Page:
- The Washington Times - Thursday, November 8, 2018

He said “death to,” and the Iranian audience responded with “America” and “Israel,” but Nation of Islam minister Louis Farrakhan insists he never led chants of “death to America.”

Mr. Farrakhan described as “wrong and shameful” international media reports that he led anti-American and anti-Israel chants last weekend during his ongoing solidarity tour of Iran, which was timed to the reimposing of U.S. economic sanctions.

“I never led a chant that called for the death of America or Israel, contrary to misreporting in U.S., British and Jewish publications and the intentional, malicious and false reinterpretation of my words,” said Mr. Farrakhan in a statement posted Thursday.

Of course, the first “death to America” news dispatch came from Iranian state television, part of a Tehran media blitz showcasing Mr. Farrakhan’s takedowns of U.S. foreign policy as the Trump administration moves to exit the 2015 nuclear deal brokered by President Barack Obama.

Mr. Farrakhan drew more headlines Thursday by comparing President Trump to Satan and warning him not to “pull the trigger of war in the Middle East at the insistence of Israel.”

“The Christians say that Satan is a liar, and every day they keep a count of Trump’s lies,” Mr. Farrakhan said at a meeting with Mohsen Rezaee, secretary of Iran’s Expediency Discernment Council, which serves as an advisory board to Supreme Leader Ali Khamenei, according to the Jerusalem Post.

In other words, the 85-year-old Farrakhan has yet to cool his rhetoric despite coming under fire last weekend for the “death to America” at the University of Tehran.

Audio and video from his appearance show him speaking the Farsi words for “death to,” which sound like “marg bar.”

“America hates when you say, ‘marg bar Israel.’ Am I saying it right?” asked Mr. Farrakhan, flanked by Iranian officials, at an appearance before students and media.

Several people in the audience corrected his pronunciation. He then said “marg bar” twice, to which they answered “America” and “Israel.” The crowd laughed as a smiling Farrakhan then shouted, “Okay!”

Does that mean he led a chant? The Iranian television announcer thought so, saying in Farsi, “Listen to the leader of the Nation of Islam chanting ‘Death to America,’” although Mr. Farrakhan did not say “America.”

“I asked a question about how to pronounce the chant in Farsi during my meeting with Iranian students and an examination of the video shows just that,” said Mr. Farrakhan. “My point was to engage students in a talk about what gives a nation perpetuity versus that which undermines and destroys a nation.”

Not everyone was buying his explanation, given that the automatic rejoinders to “death to” in Iran would be “America” or “Israel.”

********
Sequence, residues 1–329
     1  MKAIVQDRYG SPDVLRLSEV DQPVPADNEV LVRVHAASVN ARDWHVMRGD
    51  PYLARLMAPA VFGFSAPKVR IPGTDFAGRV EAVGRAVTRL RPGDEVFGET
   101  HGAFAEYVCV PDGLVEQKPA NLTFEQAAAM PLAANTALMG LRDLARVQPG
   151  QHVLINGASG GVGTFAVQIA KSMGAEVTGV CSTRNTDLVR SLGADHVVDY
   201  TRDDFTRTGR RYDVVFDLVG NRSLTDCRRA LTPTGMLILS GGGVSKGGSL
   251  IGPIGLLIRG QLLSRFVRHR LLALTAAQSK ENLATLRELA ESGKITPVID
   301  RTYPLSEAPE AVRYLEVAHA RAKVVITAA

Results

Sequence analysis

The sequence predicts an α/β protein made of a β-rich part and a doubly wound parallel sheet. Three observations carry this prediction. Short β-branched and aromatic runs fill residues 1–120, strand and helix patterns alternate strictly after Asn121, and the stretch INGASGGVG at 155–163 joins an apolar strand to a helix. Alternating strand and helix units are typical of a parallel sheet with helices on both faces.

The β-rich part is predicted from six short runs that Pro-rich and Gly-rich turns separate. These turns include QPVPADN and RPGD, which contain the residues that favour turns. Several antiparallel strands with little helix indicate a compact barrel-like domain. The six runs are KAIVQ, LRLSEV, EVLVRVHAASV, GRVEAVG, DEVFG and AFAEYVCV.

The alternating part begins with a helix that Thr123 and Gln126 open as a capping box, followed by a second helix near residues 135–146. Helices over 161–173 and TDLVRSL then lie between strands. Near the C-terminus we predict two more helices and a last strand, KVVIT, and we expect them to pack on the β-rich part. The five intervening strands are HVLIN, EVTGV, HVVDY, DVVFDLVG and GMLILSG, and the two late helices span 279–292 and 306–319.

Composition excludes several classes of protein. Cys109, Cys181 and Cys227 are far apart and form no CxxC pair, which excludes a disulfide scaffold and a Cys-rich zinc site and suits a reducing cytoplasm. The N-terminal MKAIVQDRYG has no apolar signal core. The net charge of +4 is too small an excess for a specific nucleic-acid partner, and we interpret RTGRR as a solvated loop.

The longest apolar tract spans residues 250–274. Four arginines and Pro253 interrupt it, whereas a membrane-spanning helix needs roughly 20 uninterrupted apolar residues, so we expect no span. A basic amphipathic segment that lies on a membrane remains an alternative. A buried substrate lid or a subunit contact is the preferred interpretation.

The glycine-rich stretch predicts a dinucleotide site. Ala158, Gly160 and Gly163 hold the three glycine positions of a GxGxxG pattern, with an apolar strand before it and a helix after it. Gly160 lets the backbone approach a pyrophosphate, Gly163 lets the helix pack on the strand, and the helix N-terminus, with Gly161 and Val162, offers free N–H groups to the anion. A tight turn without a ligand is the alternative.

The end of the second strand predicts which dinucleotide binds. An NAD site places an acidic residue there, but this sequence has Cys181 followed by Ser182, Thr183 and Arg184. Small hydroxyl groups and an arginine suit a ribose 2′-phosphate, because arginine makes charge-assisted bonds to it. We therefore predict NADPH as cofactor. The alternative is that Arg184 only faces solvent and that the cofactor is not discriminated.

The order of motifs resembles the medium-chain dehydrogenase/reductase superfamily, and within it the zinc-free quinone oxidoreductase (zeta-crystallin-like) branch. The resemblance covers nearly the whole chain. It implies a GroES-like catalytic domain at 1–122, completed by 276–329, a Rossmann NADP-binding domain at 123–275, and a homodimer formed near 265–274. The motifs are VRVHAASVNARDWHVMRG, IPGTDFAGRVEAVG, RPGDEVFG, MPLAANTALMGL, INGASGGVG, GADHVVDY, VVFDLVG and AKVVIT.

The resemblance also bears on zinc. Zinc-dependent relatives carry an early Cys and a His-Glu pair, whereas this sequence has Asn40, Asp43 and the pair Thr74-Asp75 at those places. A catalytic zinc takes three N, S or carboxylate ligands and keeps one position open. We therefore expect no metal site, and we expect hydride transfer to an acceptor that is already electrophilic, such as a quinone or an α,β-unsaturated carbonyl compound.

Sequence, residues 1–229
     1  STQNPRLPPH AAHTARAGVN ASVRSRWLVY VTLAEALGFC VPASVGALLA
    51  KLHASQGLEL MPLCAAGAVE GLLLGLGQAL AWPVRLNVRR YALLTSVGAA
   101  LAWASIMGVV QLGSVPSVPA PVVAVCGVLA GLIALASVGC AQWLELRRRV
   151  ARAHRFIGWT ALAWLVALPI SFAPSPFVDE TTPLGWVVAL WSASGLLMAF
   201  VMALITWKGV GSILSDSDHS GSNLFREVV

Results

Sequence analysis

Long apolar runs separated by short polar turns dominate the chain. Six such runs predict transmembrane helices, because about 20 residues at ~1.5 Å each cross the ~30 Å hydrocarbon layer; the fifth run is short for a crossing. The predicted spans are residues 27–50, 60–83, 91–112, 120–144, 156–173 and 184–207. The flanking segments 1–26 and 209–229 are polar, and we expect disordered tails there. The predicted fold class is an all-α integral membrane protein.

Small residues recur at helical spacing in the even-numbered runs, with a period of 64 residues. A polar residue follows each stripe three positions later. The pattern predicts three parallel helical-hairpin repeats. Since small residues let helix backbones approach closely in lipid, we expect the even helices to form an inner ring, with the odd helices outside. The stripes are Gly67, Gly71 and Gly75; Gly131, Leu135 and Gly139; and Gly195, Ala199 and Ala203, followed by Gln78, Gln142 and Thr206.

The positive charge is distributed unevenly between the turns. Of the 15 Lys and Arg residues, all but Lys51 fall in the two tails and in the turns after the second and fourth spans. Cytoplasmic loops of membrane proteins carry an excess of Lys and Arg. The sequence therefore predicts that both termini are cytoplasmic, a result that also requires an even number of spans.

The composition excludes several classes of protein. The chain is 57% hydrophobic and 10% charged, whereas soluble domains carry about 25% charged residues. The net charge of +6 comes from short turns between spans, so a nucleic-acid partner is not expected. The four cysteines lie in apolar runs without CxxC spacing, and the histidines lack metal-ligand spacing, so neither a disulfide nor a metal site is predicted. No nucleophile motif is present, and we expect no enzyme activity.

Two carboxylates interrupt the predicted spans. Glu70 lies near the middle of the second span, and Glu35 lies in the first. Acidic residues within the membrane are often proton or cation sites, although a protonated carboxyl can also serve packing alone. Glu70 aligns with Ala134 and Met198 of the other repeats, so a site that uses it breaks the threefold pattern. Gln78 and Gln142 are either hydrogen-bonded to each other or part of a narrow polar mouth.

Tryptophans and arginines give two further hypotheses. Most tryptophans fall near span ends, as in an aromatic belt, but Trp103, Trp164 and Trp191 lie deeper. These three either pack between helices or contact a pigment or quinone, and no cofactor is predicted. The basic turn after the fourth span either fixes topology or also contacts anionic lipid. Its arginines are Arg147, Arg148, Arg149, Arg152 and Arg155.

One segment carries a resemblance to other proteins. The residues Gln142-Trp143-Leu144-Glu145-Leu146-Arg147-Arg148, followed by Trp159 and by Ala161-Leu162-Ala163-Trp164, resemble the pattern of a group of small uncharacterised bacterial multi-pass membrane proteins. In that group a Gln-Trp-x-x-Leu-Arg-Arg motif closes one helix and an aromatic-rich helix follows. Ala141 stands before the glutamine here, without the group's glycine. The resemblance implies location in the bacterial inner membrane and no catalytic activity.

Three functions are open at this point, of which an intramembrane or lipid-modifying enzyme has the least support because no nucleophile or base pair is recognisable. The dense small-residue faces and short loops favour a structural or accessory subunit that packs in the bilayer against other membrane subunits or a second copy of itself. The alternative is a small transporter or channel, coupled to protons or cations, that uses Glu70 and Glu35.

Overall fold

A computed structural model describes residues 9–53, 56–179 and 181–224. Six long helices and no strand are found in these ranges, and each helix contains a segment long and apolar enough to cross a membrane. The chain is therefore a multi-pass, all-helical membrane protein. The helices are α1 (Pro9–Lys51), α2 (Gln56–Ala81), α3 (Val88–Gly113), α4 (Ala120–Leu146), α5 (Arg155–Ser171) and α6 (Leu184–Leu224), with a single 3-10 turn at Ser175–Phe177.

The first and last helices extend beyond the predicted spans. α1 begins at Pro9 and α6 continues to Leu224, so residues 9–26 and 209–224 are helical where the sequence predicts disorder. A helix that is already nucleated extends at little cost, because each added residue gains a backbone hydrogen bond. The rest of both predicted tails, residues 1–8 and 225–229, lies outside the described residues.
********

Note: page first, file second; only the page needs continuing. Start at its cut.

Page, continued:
Cornell Law School professor William A. Jacobson called his denial “extremely unpersuasive, given his history,” a reference to Mr. Farrakhan’s record of anti-Semitic jabs, such as last month’s tweet referring to Jews as termites.

“If his defense is he only spoke the words ‘death to,’ but he didn’t lead the chant, that seems to be the equivalent of arguing over what the definition of ‘is’ is,” said Mr. Jacobson, who runs the conservative Legal Insurrection blog.

After the “death to America” exchange, Mr. Farrakhan told the university audience, “If you mean death to America, death to Israel, then you must mean life for Islam, life for Iran, life for Muslims.”

Mr. Farrakhan also blasted the U.S. sanctions as “unjust,” and warned the crowd not to trust the U.S. government.

“That doesn’t mean you shouldn’t communicate with America, but you should know who you’re communicating with,” Mr. Farrakhan said. “You’re communicating with those who make promises that they never intend to keep.”

His incendiary missives during the high-profile Iran tour come at an awkward moment for his progressive U.S. supporters, starting with Women’s March leaders Tamika Mallory and Linda Sarsour, as they prepare for a third massive anti-Trump rally in January.

Actress and liberal activist Alyssa Milano said last week she won’t speak at the march in Washington, D.C., unless his Women’s March allies denounce him for his anti-Semitism.

“Any time that there is any bigotry or anti-Semitism in that respect, it needs to be called out and addressed. I’m disappointed in the leadership of the Women’s March that they haven’t done it adequately,” Ms. Milano told The Advocate.

Congressional Black Caucus members have also come under fire for meeting and appearing with Mr. Farrakhan over the years, and while several have condemned his more inflammatory remarks, they have steered clear of criticizing him personally.

In his Thursday statement, Mr. Farrakhan insisted that “I am not and have never been an enemy to America, nor the people of America.”

“However, I love America enough to speak unpleasant truths that are in the best interests of an erring nation that perhaps she may change her conduct and course,” he said.

• Valerie Richardson can be reached at vrichardson@washingtontimes.com.

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